Graphic from The History Channel
Since 2010, “Ancient Aliens” has proven to be a solid ratings winner for both The History Channel and the A&E Network. This is despite the show’s reliance on unique and often unproven theories; in fact, one of the show’s biggest criticisms is how the show presents these theories as if they were indeed factual in nature (the low-end production values didn’t help, as noted in this review published in the McGill Tribune.)
I admit I’ve watched a few episodes of “Ancient Aliens” with a sense of bemusement on random late nights. But as my interest in history grew in my later years, I realized there was a deeper undercurrent of something more disturbing within shows like “Ancient Aliens” – the whole concept that ancient peoples (especially those of indigenous or non-Caucasian societies) couldn’t have possibly built all the fantastical structures themselves.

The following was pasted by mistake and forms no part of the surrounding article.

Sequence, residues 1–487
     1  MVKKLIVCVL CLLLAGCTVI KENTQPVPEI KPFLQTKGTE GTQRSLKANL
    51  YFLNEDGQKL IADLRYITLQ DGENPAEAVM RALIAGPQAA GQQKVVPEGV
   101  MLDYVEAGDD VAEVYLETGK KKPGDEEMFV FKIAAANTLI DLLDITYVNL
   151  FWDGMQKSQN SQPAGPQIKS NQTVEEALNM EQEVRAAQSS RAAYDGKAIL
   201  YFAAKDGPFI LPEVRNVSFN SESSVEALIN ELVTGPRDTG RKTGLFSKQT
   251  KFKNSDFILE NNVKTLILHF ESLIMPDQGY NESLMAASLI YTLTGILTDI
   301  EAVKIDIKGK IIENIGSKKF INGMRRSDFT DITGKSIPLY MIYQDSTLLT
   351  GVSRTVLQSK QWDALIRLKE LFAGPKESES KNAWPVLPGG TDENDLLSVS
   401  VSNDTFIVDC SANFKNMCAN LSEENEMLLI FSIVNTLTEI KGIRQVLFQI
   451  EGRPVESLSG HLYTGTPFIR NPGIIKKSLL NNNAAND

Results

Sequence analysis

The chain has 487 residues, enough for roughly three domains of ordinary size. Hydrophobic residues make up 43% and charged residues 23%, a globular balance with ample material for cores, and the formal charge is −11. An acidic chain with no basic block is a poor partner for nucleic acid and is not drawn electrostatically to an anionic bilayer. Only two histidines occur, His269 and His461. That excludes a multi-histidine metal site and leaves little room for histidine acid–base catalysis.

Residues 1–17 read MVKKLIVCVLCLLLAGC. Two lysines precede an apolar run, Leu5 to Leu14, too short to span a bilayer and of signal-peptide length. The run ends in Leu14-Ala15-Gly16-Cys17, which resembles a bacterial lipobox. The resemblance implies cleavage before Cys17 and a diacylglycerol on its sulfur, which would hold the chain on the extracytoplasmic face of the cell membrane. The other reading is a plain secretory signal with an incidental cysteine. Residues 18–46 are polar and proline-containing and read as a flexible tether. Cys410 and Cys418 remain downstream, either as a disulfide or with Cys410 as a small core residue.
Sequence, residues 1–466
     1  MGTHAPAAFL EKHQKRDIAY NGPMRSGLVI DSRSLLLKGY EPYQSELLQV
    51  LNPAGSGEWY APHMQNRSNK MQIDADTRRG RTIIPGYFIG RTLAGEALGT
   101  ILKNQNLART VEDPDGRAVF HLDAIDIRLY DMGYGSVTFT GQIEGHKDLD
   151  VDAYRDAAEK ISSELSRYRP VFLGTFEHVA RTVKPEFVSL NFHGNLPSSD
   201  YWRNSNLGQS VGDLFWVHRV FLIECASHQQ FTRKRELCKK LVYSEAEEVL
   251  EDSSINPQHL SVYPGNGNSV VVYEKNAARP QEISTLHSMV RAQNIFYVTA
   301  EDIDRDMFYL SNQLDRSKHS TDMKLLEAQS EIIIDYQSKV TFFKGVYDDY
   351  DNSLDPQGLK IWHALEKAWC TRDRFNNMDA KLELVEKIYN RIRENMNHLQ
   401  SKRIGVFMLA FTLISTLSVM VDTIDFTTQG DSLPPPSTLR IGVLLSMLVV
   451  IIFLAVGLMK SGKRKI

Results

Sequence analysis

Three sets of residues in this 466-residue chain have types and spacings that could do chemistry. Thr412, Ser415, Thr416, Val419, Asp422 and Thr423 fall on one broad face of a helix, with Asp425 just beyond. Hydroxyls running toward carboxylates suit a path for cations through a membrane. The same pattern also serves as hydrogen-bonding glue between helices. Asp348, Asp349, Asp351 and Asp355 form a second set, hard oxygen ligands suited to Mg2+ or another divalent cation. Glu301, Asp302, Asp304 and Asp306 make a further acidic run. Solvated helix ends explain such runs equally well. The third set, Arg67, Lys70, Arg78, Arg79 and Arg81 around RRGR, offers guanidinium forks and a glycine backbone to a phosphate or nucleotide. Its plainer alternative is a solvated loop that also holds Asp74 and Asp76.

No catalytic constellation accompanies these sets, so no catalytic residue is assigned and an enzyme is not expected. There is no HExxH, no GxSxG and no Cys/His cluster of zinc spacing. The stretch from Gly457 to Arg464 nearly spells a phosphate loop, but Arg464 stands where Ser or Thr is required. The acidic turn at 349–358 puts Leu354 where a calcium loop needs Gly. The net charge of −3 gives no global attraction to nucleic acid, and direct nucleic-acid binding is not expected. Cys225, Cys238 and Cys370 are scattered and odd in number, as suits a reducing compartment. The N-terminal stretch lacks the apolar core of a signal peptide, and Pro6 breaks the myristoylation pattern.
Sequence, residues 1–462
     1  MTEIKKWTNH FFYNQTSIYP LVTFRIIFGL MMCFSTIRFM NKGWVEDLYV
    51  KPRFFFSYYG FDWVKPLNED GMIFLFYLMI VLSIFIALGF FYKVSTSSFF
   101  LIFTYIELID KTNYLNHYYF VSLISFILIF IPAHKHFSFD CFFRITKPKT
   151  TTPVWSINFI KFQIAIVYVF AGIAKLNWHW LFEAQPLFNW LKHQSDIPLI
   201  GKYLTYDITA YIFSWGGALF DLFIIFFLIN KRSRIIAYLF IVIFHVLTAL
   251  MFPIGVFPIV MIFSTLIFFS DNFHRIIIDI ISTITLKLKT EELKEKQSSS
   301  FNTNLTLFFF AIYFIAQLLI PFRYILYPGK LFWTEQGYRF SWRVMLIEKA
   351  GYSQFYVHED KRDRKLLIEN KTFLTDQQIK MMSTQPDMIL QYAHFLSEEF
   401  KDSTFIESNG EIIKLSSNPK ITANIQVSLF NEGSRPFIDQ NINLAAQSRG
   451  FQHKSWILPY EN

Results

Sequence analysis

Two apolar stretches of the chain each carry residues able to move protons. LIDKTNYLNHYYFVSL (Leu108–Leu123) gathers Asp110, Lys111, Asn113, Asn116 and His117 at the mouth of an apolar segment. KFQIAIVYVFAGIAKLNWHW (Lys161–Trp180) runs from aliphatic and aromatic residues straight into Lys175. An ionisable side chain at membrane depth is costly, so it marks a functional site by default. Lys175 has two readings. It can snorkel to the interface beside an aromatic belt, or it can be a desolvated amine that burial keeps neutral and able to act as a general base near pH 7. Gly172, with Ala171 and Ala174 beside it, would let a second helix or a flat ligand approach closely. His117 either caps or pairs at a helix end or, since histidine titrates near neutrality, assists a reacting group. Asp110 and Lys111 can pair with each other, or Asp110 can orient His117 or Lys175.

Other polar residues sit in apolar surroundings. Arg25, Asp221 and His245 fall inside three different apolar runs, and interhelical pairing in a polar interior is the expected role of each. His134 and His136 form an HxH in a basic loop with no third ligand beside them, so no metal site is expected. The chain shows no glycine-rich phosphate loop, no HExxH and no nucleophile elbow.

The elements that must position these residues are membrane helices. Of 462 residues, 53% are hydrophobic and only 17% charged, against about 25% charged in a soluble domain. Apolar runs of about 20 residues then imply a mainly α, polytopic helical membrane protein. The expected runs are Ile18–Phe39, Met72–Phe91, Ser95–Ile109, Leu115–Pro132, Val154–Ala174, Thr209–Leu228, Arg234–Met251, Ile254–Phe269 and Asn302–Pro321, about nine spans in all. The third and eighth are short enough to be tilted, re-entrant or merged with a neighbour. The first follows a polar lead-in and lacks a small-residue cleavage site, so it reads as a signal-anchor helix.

This concept is hardly a new one – despite their own encounters with savagery, disease, and superstitious beliefs, European societies developed a sense of superiority which led to a cultural imperialism – in the four centuries between 1500 and 1900, European powers had conquered 84 percent of the globe.
In reality, what was presented to them in lands outside their borders was merely different. The judgment of inferiority was strictly their own creation, and it led to laughable, dire, and sometimes fatal consequences for the eventual colonists.Continue reading “Aliens unto Aliens”